Outcomes of endoscopy and computed tomography in patients with chronic rhinosinusitis
Article first published online: 7 AUG 2012
Copyright © 2013 American Rhinologic Society-American Academy of Otolaryngic Allergy, LLC
International Forum of Allergy & Rhinology
Volume 3, Issue 1, pages 73–79, January 2013
How to Cite
Amine, M., Lininger, L., Fargo, K. N. and Welch, K. C. (2013), Outcomes of endoscopy and computed tomography in patients with chronic rhinosinusitis. International Forum of Allergy & Rhinology, 3: 73–79. doi: 10.1002/alr.21071
- Issue published online: 10 JAN 2013
- Article first published online: 7 AUG 2012
- Manuscript Accepted: 12 JUN 2012
- Manuscript Revised: 5 JUN 2012
- Manuscript Received: 21 FEB 2012
- chronic rhinosinusitis;
- nasal endoscopy;
- computed tomography;
Chronic rhinosinusitis (CRS) is a common disease diagnosed based on a combination of symptoms, imaging, and/or endoscopy. Computed tomography (CT) is the gold standard in diagnosis of CRS due to inherent low sensitivity of endoscopy. We sought to assess the correlation between symptoms, endoscopy, and imaging in order to reduce the number of CTs without decreasing diagnostic accuracy.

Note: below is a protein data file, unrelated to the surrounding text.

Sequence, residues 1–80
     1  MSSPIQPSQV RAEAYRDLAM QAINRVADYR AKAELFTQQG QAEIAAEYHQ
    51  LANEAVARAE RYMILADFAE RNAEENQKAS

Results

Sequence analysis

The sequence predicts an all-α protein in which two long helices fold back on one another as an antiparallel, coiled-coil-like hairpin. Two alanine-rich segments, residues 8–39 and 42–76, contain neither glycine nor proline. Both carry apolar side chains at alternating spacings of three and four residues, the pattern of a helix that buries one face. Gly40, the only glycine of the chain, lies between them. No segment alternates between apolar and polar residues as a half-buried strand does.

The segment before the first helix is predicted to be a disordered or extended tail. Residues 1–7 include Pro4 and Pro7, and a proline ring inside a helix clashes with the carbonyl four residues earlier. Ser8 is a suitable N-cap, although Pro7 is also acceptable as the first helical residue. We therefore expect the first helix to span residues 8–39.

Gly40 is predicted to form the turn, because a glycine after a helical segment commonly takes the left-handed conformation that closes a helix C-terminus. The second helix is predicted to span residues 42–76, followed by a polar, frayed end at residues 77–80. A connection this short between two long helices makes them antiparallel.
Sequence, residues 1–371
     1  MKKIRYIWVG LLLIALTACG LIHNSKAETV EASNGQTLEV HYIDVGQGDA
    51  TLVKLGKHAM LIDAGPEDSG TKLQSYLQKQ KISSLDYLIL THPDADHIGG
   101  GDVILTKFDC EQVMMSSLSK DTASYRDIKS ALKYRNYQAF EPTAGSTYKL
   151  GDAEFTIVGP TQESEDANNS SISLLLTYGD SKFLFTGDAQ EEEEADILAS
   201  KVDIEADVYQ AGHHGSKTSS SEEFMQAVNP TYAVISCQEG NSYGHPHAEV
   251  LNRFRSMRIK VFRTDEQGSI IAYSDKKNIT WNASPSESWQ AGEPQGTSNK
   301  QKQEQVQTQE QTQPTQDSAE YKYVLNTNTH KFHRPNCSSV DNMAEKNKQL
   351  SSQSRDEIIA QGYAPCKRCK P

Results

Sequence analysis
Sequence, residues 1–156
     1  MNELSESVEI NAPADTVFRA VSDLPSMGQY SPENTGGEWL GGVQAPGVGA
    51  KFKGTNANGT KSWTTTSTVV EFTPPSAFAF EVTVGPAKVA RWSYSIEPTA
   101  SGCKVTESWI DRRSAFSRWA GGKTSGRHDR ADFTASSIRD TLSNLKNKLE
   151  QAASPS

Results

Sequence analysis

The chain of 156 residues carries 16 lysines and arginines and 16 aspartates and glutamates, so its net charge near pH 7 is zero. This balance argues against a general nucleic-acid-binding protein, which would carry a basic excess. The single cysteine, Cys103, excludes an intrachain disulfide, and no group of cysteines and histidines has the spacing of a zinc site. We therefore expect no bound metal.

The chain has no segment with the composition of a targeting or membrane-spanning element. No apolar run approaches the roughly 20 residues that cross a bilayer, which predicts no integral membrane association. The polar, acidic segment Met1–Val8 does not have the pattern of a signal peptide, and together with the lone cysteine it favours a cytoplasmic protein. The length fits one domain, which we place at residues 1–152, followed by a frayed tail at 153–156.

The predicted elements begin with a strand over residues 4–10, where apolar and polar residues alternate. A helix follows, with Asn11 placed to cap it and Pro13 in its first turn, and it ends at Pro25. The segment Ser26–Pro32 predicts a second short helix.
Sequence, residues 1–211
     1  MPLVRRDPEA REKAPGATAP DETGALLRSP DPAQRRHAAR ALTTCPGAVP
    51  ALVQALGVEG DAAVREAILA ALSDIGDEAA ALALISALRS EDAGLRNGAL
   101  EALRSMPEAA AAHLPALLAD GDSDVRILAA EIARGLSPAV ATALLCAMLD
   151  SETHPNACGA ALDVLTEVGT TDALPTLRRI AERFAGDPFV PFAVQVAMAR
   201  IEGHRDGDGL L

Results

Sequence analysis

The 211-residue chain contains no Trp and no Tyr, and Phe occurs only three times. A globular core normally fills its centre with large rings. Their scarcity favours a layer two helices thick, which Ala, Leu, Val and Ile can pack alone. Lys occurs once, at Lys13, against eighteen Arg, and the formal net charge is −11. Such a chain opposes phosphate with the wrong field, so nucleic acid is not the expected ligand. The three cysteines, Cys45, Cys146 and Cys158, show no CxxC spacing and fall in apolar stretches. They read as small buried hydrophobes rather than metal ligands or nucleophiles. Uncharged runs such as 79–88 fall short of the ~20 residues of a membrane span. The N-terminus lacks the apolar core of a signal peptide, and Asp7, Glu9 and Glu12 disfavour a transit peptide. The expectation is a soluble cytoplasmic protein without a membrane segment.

Retrospective review of a single practitioner's patients from 2008 to 2010 who presented for evaluation of CRS. Data on demographics, symptoms, and endoscopic and CT findings were collected and analyzed. Exclusion criteria included patients with prior surgery, no imaging, and those that failed to meet the 2007 CRS Task Force symptom criteria.
A total of 244 patients met the Task Force symptom criteria. Using CT as the gold standard, the sensitivity, specificity, positive predictive value (PPV), and negative predictive value (NPV) of endoscopy alone was 36%, 95%, 89%, and 55%, respectively. The number of symptoms (NOS) strongly correlated with the absence or presence of disease (p < 0.01). Incorporating NOS into a CRS diagnostic algorithm improved sensitivity and NPV of nasal endoscopy to 82% and 79% while maintaining its specificity and PPV at 82% and 84%, respectively. Applying our algorithm retrospectively would have resulted in a reduction in the number of CTs by 69%, resulting in an acceptable 10% (n = 24/244) false negative rate and 8% (n = 20/244) false positive rate.
Incorporating number of symptoms in a CRS diagnostic algorithm may drastically reduce the number of CTs needed. Clinical diagnostic accuracy is enhanced with this new algorithm while significantly reducing the cost and radiation burden of CTs. © 2013 ARS–AAOA, LLC.